If you cite the same source again, or if a bibliography is included in the work, the note only needs to include the surname of the author, a shortened form of the title (if more than four words), and the page number(s).
However, in a work that does not include a bibliography, it is recommended that the full citation be repeated when it is first used in a new chapter.
Footnotes are added at the end of the page on which the source is referenced, while endnotes are compiled at the end of each chapter or at the end of the entire document.
In either case, a superscript number corresponding to a note, along with the bibliographic information for that source, should be placed in the text following the end of the sentence or clause in which the source is referenced.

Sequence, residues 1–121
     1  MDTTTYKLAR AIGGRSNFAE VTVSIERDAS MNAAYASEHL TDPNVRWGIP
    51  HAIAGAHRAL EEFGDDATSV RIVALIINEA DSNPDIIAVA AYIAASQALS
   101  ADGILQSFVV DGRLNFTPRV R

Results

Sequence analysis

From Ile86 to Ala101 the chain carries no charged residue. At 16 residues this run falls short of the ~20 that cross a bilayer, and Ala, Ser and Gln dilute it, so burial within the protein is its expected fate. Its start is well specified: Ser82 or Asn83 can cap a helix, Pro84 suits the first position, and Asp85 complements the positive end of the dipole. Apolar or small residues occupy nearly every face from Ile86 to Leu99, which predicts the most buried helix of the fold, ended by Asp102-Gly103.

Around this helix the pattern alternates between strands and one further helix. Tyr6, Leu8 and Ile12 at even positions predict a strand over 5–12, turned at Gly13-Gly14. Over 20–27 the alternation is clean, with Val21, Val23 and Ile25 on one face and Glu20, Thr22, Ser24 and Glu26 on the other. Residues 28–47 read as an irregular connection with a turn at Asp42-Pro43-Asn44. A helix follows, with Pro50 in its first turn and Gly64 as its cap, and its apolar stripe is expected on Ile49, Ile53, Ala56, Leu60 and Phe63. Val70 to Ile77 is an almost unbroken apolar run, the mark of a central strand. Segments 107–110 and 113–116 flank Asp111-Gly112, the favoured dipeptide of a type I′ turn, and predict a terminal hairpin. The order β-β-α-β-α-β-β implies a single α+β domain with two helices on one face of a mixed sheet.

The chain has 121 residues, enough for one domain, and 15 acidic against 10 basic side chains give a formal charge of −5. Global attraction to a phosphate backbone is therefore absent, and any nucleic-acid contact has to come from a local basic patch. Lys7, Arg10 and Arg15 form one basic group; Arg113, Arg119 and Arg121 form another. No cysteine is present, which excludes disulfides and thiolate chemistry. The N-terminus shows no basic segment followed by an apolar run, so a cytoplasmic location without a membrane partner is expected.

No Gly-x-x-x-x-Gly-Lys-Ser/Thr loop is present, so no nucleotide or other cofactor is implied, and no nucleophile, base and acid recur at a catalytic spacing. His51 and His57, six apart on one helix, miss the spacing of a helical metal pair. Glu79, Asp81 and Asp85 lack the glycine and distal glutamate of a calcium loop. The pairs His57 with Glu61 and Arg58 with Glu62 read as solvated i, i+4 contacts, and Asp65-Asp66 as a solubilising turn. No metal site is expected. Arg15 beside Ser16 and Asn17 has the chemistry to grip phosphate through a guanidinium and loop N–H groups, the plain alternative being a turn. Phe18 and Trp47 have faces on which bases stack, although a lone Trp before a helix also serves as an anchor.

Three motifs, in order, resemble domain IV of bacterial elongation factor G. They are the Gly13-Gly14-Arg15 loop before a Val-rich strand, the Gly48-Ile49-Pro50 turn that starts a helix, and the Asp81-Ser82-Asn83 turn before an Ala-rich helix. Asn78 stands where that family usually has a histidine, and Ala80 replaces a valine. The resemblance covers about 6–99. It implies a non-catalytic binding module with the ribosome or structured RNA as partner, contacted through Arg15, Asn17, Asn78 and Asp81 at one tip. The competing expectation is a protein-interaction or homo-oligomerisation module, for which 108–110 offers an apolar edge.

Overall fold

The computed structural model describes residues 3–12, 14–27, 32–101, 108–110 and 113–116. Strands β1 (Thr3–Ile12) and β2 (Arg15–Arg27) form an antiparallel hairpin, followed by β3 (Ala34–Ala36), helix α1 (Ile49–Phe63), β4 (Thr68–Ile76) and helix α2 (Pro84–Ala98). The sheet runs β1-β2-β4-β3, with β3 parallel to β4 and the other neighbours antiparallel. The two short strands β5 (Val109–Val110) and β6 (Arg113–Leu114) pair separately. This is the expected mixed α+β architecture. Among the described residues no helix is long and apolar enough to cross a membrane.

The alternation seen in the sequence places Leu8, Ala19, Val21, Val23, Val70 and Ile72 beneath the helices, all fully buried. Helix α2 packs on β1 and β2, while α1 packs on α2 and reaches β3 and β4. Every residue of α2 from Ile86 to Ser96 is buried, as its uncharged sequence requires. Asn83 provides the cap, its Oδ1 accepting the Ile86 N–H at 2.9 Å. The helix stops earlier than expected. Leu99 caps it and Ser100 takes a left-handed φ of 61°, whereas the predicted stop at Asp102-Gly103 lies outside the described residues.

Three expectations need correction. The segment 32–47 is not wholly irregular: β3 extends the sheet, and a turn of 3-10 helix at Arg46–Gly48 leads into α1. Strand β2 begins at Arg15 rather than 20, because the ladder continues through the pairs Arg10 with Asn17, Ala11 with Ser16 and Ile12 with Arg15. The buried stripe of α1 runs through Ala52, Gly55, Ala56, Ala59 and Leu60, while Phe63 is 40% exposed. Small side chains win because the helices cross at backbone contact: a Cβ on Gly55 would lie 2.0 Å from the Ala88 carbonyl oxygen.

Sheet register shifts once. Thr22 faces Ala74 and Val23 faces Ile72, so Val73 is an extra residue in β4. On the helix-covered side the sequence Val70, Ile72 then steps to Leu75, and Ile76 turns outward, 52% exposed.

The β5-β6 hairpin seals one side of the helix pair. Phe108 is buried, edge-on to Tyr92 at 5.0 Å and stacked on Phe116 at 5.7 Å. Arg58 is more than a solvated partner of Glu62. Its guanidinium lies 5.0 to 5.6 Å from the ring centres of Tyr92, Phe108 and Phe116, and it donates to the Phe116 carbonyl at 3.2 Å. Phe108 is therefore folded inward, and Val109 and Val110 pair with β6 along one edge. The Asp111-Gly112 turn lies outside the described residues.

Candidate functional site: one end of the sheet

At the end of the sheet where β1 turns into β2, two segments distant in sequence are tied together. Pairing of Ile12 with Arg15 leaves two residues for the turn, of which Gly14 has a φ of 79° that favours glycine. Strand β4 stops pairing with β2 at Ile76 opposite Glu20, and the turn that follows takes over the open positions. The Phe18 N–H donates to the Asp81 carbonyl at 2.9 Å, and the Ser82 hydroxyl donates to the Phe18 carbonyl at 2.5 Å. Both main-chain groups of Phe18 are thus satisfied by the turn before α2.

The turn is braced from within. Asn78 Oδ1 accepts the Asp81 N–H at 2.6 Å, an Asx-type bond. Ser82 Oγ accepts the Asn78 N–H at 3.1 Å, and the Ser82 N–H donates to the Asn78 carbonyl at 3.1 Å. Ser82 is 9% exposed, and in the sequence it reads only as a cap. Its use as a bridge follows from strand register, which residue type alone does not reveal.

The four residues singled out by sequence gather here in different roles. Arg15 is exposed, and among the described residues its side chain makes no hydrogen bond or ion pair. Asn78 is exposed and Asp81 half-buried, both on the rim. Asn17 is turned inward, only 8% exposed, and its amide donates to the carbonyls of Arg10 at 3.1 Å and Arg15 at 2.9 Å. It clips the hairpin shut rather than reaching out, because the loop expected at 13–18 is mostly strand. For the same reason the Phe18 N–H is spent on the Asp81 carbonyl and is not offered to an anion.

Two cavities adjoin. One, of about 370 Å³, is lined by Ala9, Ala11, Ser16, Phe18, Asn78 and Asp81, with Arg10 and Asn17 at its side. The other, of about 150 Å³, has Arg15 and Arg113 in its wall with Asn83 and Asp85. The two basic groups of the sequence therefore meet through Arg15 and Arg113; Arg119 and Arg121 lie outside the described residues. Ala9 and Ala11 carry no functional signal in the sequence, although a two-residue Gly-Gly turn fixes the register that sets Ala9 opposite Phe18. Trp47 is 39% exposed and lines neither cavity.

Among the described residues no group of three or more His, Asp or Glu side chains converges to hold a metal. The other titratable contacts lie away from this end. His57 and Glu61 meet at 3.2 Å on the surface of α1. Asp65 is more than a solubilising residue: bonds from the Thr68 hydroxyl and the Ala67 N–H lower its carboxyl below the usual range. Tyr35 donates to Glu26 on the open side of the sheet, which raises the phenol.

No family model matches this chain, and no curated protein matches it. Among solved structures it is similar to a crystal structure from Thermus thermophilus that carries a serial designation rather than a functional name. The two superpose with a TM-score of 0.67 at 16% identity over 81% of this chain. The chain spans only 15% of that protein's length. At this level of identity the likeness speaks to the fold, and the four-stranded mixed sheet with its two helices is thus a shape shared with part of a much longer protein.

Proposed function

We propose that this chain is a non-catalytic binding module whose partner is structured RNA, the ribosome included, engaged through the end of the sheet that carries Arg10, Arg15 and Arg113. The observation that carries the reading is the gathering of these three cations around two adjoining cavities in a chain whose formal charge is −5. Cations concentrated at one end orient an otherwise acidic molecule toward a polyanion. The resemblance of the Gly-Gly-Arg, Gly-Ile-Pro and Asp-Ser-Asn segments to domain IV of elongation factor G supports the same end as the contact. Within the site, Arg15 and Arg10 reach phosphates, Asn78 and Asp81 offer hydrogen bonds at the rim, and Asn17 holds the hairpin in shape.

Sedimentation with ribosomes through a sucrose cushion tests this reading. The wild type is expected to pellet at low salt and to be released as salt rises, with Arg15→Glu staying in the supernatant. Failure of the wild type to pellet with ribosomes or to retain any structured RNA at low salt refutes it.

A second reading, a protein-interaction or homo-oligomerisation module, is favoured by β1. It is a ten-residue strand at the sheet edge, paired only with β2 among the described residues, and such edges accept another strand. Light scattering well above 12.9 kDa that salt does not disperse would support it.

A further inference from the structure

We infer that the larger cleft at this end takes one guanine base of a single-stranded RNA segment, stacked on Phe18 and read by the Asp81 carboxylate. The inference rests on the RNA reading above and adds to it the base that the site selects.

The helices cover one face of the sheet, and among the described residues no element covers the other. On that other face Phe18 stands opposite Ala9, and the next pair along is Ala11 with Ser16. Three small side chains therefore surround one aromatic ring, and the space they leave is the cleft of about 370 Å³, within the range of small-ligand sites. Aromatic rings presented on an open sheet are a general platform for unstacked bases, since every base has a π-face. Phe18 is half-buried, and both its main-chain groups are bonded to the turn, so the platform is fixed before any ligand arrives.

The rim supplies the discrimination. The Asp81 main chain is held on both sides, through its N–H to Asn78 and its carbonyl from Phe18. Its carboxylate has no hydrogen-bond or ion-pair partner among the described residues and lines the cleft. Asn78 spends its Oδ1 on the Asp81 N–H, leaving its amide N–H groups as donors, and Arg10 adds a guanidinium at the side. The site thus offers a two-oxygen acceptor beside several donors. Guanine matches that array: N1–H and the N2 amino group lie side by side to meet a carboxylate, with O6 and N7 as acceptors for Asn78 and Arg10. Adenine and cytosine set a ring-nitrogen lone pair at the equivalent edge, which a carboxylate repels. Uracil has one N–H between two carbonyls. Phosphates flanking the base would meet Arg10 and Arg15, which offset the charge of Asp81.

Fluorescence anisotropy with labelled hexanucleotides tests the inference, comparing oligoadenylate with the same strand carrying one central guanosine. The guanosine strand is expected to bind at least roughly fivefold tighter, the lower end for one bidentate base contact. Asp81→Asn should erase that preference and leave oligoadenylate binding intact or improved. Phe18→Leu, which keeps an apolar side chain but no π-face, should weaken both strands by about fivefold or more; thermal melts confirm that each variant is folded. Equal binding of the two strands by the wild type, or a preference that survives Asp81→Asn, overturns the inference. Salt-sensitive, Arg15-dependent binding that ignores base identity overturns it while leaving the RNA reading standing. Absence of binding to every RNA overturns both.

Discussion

In the NB system, the footnote or endnote itself begins with the appropriate full-sized number, followed by a period and then a space.
In the NB system, the bibliography provides an alphabetical list of all sources used in a given work.
Though the two systems both convey all of the important information about each source, they differ not only in terms of the way they direct readers to these sources, but also in terms of their formatting (e.g., the position of dates in citation entries).
For examples of how these citation styles work in research papers, consult our sample papers: Author-Date Sample Paper NB Sample Paper In addition to consulting (8th edition).
Although bibliographic entries for various sources may be formatted differently, all included sources (books, articles, websites, etc.) are arranged alphabetically by author’s last name.
If no author or editor is listed, the title or, as a last resort, a descriptive phrase may be used.